Msg#: 4294909 posted 10:09 am on Apr 10, 2011 (gmt 0)
I have a bunch of websites - around 20 - and we are affiliates of a major player in our industry. Traffic is tracked via a ClientID string number and sales made are tracked and paid monthly. Recently I discovered what I perceived to be a wrong ClientID reference string on one of our websites and to cut a long story short, I went on to discover that the number was the affiliate number of an ex-employee who had set up a number or very similar websites to mine and had registered as an affiliate of the same major player. Using his ClientID on my websites in order to claim OUR sales commissions as his. Customers booking on our websites were credited to HIS affiliate ID. Using the waybackmachine Internet archive, I went on to discover this had been going on for 2 years over most of our websites. My question is , what is a clever way to detect/police this activity for the future ? ClientID's are sprinkled throughout the websites and it would take a huge amount of time to check each website daily. Of course, doing all the coding myself and not relying on staff would do the job, but it's not practical because of the size of the websites. I need to use labour. Trust and verify but how to verify in the most effective manner. Any ideas please how to lock the door after the horse ... etc...? -keevill-
Msg#: 4294909 posted 11:29 am on Apr 10, 2011 (gmt 0)
Search using what ? At the moment,the only way I can do it is to "view source" and then search for ClientID but thats on hundreds of pages ! Not really practical. Obviously, Google doesn't index source code. The devilment isn't done on my local network and then sent up via FTP - it's done on the hosting server so the search has to be done online somehow. Not easy! If indeed it can be done ! -keevill-
am i missing the point? why haven't you just informed the police - i should think this is a serious criminal offense in any country.
... then inform the company you are an affiliate of and tell them what has happened and include the crime report reference.
>>it's done on the hosting server so the search has to be done online somehow.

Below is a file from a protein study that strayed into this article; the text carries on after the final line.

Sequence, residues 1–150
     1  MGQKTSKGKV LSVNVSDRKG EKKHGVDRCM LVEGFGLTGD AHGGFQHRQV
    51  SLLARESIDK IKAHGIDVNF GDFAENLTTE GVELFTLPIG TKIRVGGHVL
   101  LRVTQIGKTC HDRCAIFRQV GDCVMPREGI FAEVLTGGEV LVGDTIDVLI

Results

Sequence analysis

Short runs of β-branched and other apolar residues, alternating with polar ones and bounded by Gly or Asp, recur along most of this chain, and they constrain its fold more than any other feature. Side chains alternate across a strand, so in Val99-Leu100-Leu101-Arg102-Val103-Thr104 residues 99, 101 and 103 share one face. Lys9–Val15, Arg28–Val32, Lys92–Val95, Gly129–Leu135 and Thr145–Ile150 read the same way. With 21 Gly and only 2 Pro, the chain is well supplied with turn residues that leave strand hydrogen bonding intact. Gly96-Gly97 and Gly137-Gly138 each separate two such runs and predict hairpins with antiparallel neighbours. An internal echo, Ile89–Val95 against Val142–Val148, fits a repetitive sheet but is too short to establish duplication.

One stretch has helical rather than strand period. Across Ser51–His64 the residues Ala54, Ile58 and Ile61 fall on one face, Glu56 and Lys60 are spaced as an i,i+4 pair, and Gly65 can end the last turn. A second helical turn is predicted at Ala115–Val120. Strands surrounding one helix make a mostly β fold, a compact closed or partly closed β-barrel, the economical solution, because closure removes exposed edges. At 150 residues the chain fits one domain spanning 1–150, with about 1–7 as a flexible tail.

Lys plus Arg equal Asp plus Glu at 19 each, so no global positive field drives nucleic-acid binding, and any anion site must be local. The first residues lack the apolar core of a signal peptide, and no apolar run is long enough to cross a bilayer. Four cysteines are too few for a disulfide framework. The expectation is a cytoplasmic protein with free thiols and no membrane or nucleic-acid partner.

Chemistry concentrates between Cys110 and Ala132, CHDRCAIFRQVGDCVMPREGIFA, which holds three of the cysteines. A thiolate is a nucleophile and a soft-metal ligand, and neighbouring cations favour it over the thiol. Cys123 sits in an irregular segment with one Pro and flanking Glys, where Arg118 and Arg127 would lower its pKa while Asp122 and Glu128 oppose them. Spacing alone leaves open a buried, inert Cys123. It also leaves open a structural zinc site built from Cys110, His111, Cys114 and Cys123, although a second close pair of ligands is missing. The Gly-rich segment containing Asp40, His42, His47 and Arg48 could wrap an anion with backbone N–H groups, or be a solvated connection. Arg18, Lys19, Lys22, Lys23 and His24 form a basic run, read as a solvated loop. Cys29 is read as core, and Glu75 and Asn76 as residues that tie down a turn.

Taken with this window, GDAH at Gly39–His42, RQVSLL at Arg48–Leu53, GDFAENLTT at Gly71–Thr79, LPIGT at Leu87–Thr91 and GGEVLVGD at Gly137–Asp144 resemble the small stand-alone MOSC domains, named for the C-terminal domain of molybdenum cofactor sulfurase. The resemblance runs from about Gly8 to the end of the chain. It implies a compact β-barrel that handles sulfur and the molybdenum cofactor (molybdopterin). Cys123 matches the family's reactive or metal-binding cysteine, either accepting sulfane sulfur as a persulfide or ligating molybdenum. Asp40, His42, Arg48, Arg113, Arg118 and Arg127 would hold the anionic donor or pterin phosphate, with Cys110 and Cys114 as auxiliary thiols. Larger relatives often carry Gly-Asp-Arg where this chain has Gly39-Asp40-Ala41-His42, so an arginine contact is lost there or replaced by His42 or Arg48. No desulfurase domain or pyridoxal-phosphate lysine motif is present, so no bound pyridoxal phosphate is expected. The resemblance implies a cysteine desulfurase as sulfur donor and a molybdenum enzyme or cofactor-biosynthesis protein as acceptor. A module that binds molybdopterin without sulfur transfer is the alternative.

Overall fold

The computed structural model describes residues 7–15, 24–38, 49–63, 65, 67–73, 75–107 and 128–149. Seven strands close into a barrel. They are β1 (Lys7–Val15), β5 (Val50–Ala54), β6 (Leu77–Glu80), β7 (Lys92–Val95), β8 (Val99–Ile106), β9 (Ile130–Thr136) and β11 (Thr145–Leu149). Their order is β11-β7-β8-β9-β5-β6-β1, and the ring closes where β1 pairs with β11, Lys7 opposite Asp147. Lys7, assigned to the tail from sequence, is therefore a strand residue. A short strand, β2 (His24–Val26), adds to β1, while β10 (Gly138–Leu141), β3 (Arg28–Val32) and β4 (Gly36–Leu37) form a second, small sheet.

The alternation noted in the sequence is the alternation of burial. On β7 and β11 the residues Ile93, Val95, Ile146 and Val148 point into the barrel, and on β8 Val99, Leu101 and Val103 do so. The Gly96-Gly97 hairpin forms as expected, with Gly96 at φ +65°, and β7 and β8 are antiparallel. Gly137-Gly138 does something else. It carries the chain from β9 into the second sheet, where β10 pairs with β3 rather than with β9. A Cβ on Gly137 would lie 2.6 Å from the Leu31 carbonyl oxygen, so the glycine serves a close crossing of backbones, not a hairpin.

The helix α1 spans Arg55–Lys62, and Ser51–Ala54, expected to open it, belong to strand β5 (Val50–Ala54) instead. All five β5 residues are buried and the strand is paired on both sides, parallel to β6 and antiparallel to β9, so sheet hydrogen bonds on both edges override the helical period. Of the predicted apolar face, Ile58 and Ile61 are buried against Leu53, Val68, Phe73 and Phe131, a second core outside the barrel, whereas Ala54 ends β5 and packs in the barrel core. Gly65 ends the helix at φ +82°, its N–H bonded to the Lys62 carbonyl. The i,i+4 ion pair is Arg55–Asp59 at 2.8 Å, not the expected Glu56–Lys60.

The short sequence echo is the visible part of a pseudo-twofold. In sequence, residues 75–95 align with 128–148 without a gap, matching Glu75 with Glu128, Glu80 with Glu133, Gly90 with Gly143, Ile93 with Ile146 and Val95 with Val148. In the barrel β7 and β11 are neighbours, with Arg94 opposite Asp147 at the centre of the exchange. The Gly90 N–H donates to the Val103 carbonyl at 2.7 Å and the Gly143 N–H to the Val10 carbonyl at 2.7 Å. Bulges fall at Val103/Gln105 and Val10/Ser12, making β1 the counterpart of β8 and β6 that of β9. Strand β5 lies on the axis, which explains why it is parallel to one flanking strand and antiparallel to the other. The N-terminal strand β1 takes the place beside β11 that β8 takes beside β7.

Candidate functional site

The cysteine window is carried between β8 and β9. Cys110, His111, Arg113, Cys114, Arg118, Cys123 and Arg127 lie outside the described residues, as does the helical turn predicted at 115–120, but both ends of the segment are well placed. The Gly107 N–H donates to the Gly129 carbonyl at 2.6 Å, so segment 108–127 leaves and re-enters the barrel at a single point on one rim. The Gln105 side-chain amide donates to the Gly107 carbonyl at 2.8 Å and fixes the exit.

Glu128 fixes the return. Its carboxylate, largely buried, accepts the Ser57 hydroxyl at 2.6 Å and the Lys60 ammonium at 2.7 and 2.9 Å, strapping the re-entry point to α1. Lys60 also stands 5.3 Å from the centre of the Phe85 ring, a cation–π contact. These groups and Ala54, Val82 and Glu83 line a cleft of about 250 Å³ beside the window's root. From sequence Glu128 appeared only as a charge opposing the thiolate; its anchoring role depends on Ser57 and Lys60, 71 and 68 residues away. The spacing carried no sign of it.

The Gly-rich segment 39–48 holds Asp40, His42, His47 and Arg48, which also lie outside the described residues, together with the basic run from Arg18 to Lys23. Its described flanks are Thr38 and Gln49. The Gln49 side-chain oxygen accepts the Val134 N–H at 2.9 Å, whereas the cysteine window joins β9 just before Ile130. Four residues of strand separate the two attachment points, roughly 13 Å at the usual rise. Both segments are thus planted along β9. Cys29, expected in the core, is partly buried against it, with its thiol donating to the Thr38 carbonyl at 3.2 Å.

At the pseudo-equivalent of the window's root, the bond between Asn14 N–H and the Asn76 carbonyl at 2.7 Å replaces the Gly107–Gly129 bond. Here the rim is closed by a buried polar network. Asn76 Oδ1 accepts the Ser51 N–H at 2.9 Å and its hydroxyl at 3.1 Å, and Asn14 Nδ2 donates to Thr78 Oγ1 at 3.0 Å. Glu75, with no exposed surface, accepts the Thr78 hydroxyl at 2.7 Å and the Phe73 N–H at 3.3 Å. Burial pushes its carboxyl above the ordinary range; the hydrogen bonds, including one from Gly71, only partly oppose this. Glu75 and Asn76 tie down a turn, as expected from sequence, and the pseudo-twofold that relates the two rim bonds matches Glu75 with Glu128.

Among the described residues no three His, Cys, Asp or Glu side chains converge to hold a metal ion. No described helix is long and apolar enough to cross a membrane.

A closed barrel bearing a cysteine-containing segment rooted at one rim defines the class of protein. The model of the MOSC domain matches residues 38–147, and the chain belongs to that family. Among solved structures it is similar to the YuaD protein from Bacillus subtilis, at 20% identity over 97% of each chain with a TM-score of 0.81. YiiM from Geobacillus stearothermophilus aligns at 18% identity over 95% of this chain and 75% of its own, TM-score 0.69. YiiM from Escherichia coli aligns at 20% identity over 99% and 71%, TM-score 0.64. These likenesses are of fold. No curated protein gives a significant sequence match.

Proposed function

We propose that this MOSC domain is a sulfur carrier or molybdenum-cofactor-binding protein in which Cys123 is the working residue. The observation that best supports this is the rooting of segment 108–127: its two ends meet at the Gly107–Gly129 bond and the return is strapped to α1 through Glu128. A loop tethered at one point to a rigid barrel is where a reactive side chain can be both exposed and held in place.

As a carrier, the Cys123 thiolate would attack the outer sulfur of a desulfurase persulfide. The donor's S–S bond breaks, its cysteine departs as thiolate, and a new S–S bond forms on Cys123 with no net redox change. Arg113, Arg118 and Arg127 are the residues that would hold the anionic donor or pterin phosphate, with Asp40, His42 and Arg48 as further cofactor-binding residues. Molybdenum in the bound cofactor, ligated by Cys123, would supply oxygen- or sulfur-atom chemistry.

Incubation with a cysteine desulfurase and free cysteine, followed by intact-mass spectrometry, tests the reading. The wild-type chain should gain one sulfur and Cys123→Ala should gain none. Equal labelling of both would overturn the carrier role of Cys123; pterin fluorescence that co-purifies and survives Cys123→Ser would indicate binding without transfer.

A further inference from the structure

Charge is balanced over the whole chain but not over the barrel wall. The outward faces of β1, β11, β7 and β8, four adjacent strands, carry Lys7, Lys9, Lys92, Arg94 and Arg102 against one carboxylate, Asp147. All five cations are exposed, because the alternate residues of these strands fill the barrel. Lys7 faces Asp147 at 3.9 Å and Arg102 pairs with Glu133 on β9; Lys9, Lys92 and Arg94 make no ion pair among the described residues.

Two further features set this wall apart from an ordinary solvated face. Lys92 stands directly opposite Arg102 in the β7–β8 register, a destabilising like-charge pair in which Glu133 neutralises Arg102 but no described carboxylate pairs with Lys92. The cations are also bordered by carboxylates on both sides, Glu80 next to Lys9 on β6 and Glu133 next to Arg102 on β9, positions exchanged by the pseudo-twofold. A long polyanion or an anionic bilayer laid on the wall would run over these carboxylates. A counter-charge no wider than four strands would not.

first you must at the very least change all passwords and also inform your host of what has happened, if they have any security questions that they ask to retrieve 'forgotten' passwords, then change them.
if your site is database driven, just write a query to search for the wrong id's in the database.
if it is hard coded the easiest way would be to download the entire site and then one of the many available programs that can search through text files en masse - your current text editor may be able to.
if the server is a linux server and you can run commands, then using grep will enable you to search for the unwanted id's without downloading any files at all.
Msg#: 4294909 posted 1:21 am on Apr 11, 2011 (gmt 0)
the punishment ( police ) is another matter. I am trying to avoid any repeat - not from the same person but from future employees who see a very easy way to make money dishonestly. The websites are all database driven and it's easy to check on the local server but someone with FTP access could easily change the affiliate ID on one or more of the high traffic sites to an affiliate ID of their own. Even temporarily would hurt. I am beginning to think that this is the responsibility of the Affiliate Host. They should be able to marry the affiliate ID to the website and track if another affiliate ID is offered from one of my websites. And yes ! I have changed all passwords and even the host. -keevill-
>>but from future employees who see a very easy way to make money dishonestly.
in which case why have employees got ftp access? this is a MAJOR hole in your security. only appropriate employees should have that kind of access not all of them, you should also set appropriate permissions on the server to prevent changing files.